Updated 5:27 p.m. | A longtime former aide and political consultant for Rep. Chaka Fattah, D-Pa., has pleaded guilty to a number of federal charges in campaign finance fraud schemes.
Gregory Naylor, 66, pleaded guilty Wednesday to multiple counts for his “participation in two campaign finance-related schemes initiated by a long-time friend and former employer” identified as “Elected Official A.”
But court documents posted online by Joel Mathis of PhillyMag.com describe in detail Naylor’s work on a failed 2007 Philadelphia mayoral campaign — when he was working on Fattah’s failed bid. Documents also describe a $500,000 contribution to a higher education conference named for an elected official that was then diverted to to pay off part of an illegal $1 million loan to the elected official’s failed mayoral campaign from an unnamed benefactor.
Fattah has annually held the “Fattah Conference on Higher Education” and a press release from the time touts a $500,000 contribution from Sallie Mae to the conference.
According to the Department of Justice release, Naylor helped conceal the theft of federal grants and private charitable funds to repay an illegal campaign debt from a 2007 campaign. “Naylor was aware that large amounts of money from an unexplained source were being spent on Elected Official A’s campaign, and Naylor helped to conceal the source of those funds by preparing a false invoice for services rendered by his consulting firm,” the release said. “Naylor subsequently learned that Elected Official A and others orchestrated the theft of federal grant funds to repay the outstanding balance of the campaign debt, and he agreed to the falsification of campaign finance reports to further conceal Elected Official A’s activities.”
Naylor also conspired with Elected Official A to pay down portions of the college debt of Elected Official A’s son using federal and local campaign funds, the release said.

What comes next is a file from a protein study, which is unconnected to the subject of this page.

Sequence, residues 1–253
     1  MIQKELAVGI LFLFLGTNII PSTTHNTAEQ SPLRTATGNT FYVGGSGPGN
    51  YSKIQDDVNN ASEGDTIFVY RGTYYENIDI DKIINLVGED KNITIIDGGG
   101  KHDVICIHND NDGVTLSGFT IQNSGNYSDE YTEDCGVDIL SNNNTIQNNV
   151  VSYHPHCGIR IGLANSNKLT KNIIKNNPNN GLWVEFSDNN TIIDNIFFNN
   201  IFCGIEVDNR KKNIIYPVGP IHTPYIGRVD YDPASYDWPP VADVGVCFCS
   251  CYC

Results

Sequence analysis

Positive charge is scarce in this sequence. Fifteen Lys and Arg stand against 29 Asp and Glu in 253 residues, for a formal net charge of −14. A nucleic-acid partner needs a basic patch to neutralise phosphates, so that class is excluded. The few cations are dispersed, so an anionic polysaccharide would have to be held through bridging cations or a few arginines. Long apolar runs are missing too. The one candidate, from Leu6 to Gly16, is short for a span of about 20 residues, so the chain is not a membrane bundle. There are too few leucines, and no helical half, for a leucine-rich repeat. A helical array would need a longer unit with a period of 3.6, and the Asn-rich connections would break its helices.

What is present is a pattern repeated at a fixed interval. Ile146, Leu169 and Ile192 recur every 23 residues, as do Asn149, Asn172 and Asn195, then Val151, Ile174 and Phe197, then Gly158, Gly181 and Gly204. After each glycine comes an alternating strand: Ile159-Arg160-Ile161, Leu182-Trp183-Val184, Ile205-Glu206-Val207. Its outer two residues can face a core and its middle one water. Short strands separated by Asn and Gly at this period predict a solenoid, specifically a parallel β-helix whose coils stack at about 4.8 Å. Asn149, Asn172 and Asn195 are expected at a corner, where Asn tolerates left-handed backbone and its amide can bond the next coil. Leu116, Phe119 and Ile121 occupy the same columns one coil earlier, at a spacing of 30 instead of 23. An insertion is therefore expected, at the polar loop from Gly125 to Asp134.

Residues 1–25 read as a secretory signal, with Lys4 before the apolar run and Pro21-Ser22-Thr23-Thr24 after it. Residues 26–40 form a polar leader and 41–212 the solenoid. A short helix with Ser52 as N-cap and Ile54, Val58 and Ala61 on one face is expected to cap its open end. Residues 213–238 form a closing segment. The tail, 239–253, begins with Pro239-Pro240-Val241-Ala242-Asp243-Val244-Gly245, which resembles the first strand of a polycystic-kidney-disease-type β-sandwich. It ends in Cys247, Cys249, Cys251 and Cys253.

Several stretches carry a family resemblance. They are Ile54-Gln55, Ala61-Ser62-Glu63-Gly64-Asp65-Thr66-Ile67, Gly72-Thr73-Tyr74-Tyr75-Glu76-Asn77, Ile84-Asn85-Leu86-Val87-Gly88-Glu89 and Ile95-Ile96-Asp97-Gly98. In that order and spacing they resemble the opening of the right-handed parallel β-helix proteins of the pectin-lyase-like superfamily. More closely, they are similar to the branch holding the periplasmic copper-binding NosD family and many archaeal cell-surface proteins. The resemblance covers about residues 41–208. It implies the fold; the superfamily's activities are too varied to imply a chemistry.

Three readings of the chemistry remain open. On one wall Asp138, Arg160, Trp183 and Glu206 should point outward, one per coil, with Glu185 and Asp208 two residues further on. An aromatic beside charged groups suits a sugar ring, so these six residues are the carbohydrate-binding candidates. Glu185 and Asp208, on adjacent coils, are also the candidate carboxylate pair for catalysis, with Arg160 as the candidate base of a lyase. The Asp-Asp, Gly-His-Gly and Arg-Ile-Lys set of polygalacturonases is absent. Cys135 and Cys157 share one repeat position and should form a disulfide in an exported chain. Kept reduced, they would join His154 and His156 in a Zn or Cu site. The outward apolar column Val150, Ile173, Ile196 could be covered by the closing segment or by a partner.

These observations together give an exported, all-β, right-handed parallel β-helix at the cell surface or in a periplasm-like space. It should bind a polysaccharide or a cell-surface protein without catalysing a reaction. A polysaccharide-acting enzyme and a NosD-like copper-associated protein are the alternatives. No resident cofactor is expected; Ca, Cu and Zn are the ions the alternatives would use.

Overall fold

“Some of the payments originated directly from the local campaign fund, and some were illegally sourced from Elected Official A’s federal campaign election committee and passed through the local campaign fund account to Naylor,” the release said. “Naylor made approximately $22,000 in improper payments between August 2007 and April 2011 at Elected Official A’s request. Naylor also falsely claimed on IRS forms that the payments made towards the college debt were earned income to Elected Official A’s son for services rendered as an independent contractor to Naylor’s consulting firm. When confronted by federal agents in investigative interviews about the payments, Naylor lied on two occasions and repeated his cover story that the son of Elected Official A was an independent contractor working for his political consulting firm.”
According to the court documents, NASA grant funds intended for a nonprofit founded by the elected official were also diverted to help pay down the loan.
Fattah is the ranking member on the House Appropriations subcommittee overseeing NASA funding.
In 2007, the Philadelphia Daily News reported on Fattah’s record of sending millions in earmarks to two nonprofits he founded and that were run by Fattah’s former aides and political allies, including examining a taxpayer-funded “Chaka Fattah Learning Lab” bus.
Fattah’s office did not immediately comment Wednesday. In March, he acknowledged getting a subpoena in a letter to Speaker John A. Boehner, R-Ohio, and said he planned to fight parts of it that he deemed were not “consistent with the privileges and rights of the House.”
Sentencing for Naylor is scheduled for Dec. 2.
Separately, Fattah’s son, Chaka Fattah Jr., was indicted earlier in August by federal prosecutors, who accused him of defrauding the IRS and banks and stealing from the Philadelphia School District.
An associate of Fattah Jr. pleaded guilty to making a false statement earlier this month in a related case.
The DOJ said that the case was investigated by the FBI and the IRS with assistance of the NASA Office of the Inspector General.
Correction, Aug. 28, 12:04 p.m.
An earlier version of this post incorrectly characterized Fattah’s position on the Appropriations Committee before Republicans took over the House.
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